Here k _{nf} denotes effective thermal conductivity of the nanofluid, k _{f} thermal conductivity of the continuous phase, ϕ the nanoparticles volume fraction, and “n” the shape factor for nanoparticles given by \( \frac{3}{\psi } \) where ψ is the sphericity of the nanoparticles and determined by the shape of the nanoparticles [36, 37]. For spherical nanoparticles ψ = 1 or n = 3 and for cylindrical nanoparticles ψ = 0.5 or n = 6.
The geometry of the problem recommends that a cylindrical coordinate system may be selected with the origin at the center of the two disks. We take u and w as velocity components in the r and z directions, respectively. The governing equations for the problem, taking into account effects of thermal radiation and viscous dissipation, are as follows:
where σ _{e} is the electrical conductivity, B _{0} is the strength of the magnetic field, p is the pressure, T is the temperature, C is the mass concentration, D is the mass diffusion coefficient, α _{nf} is the thermal diffusivity, ρ _{nf} is the density, and υ _{nf} is the kinematics viscosity of the nanofluid, are given by
where ρ _{s} and ρ _{f} are, respectively, the densities of the solid fractions and fluid and (ρc _{p})_{nf} is the heat capacitance of the nanofluid. The boundary conditions are
Here, A is a measure of the disk permeability and the dash denotes derivative w.r.t. time t.
Using the Rosseland approximation for radiation, the radiative heat flux is
where σ _{sB} is the StefanBoltzman constant and m _{0} is the mean absorption coefficient. Assume that difference in temperature within the flow is such that T^{4} can be expressed as a linear combination of temperature. Now, expand T^{4} in Taylor series about T_{2} as follows:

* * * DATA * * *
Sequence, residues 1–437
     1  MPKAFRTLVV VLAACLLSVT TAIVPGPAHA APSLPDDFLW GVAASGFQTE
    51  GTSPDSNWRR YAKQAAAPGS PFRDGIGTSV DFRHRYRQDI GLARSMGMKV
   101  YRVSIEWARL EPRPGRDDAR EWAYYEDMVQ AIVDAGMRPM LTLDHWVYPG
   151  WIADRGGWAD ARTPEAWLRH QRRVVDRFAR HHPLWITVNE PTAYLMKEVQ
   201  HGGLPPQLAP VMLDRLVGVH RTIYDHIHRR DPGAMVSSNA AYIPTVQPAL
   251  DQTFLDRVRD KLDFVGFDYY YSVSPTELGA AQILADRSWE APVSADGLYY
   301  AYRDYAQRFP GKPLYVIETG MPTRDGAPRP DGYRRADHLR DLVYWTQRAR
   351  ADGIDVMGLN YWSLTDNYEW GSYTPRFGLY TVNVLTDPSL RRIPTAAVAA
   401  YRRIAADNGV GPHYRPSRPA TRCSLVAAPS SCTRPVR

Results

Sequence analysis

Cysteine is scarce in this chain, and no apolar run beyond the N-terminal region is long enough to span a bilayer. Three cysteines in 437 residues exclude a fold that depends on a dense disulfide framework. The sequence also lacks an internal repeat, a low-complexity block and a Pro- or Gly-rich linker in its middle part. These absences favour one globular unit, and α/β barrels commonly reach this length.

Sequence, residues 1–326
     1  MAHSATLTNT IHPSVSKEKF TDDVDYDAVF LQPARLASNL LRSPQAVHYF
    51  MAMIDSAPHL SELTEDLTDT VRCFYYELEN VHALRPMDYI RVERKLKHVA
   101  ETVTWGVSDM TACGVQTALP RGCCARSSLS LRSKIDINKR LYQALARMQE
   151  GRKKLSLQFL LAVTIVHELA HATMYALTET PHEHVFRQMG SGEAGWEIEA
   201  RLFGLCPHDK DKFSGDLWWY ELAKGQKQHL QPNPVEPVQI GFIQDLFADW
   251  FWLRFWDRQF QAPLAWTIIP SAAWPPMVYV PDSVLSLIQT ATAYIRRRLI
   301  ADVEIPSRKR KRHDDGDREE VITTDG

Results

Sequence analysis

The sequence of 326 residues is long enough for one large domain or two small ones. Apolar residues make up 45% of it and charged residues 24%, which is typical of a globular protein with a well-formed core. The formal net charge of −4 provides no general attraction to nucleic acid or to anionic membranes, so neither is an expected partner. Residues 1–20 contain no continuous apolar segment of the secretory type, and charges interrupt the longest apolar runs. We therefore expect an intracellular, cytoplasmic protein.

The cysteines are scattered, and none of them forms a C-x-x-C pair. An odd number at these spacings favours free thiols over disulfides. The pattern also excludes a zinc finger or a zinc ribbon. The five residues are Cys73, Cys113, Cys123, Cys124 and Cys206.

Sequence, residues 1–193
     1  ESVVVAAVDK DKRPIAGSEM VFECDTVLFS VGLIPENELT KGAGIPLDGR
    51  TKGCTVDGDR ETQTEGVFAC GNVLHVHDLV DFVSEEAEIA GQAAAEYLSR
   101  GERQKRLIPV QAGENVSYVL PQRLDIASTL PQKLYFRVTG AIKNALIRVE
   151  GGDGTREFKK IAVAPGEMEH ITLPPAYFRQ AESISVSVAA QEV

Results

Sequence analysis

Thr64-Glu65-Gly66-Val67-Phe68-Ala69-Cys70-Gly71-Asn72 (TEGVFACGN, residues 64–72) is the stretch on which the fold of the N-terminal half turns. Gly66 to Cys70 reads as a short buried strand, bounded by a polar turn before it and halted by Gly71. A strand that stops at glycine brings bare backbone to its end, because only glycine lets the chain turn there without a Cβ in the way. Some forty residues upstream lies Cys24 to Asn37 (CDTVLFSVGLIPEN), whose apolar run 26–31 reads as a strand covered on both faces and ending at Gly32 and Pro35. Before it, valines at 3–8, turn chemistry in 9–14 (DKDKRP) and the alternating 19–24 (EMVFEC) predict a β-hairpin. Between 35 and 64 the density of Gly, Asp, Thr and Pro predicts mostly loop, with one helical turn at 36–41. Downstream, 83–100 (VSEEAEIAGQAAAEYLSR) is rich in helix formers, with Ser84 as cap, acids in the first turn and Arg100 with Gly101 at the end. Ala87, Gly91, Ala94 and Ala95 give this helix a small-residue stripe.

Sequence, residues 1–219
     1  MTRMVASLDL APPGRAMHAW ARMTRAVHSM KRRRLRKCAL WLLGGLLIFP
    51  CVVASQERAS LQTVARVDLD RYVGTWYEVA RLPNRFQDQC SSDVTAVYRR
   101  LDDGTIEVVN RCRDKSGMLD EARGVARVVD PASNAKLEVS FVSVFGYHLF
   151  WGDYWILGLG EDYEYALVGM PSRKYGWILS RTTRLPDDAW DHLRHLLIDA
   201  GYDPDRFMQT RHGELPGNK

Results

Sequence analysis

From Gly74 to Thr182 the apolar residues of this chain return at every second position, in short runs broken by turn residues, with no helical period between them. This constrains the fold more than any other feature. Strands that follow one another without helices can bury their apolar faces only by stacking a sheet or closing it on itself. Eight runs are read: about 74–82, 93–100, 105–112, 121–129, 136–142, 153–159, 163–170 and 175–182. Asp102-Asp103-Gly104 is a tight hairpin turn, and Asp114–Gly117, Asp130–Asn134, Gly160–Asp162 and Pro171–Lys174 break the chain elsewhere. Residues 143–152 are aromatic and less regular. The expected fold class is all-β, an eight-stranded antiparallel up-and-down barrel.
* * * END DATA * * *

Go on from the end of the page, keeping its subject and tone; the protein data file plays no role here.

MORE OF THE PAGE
Neglect higher order terms beyond the first degree (T − T _{2}) as follows:
By substituting Eq. (11) into Eq. (9) we obtain:
Now using Eq. (12) in Eq. (5), we obtain
After removing the pressure term from the governing equations, we introduce the following similarity transformation:
The dimensions of ν _{f} are [L ^{2} T ^{− 1}], those of both u and w are [LT ^{− 1}], and finally [L] is the dimension of each of a and r, which when used in Eq. (14), give \( F\left(=\frac{aw}{2{\nu}_{\mathrm{f}}}\right) \) and \( {F}_{\eta}\left(=\frac{a^2u}{r{\nu}_{\mathrm{f}}}\right) \) as the two dimensionless velocities in the axial and radial directions, respectively, between the porous disks. On the other hand, θ(η) and χ(η) being the ratio of two quantities having the same units is also dimensionless.
The transformation given in Eq. (14) leads to:
with boundary conditions:
Here T _{1} and T _{2} (withT _{1} > T _{2}) are the fixed temperatures of the lower and upper disks, respectively, \( \alpha =\frac{a\;{a}^{\prime }(t)}{\upsilon_{\mathrm{f}}} \) is the wall expansion ratio, \( \mathrm{R}\mathrm{e}=\frac{Aa\;{a}^{\prime }}{2{\upsilon}_{\mathrm{f}}} \) is the permeability Reynolds number, \( M=\frac{\sigma_{\mathrm{e}}{B}_0^2{a}^2}{\mu_{\mathrm{f}}} \) is the magnetic parameter, \( {P}_{\mathrm{r}}=\frac{{\left(\mu {c}_{\mathrm{p}}\right)}_{\mathrm{f}}}{k_{\mathrm{f}}} \) is the Prandtl number, \( Ec=\frac{{\left(r{\upsilon}_{\mathrm{f}}\right)}^2}{a^4\left({T}_1{T}_2\right){\left({c}_{\mathrm{p}}\right)}_{\mathrm{f}}} \) is the Eckert number and Br = Pr. Ec is the Brinkman number.
It is worthmentioning here that the continuity Eq. (1) is identically satisfied, that is, the proposed velocity is compatible with Eq.(1) and, thus, represents possible fluid motion.
Finally, we set \( f=\frac{F}{\mathrm{Re}} \), and consider the case (following Kashif et al. [15]), we take Aa′(t) = υ _{w}, and then the permeable Reynolds number becomes \( \mathrm{R}\mathrm{e}=\frac{a(t){\upsilon}_{\mathrm{w}}}{\upsilon_{\mathrm{f}}} \). When α is a constant f = f (η), θ = θ(η) and χ = χ(η) which leads to χ _{ t } = 0, θ _{ t } = 0, and f _{ ηη t } = 0. Thus, we have
The physical quantities of engineering applications are the skin friction coefficient C _{f}, the Nusselt number Nu, and the Sherwood number Sh, which can be written as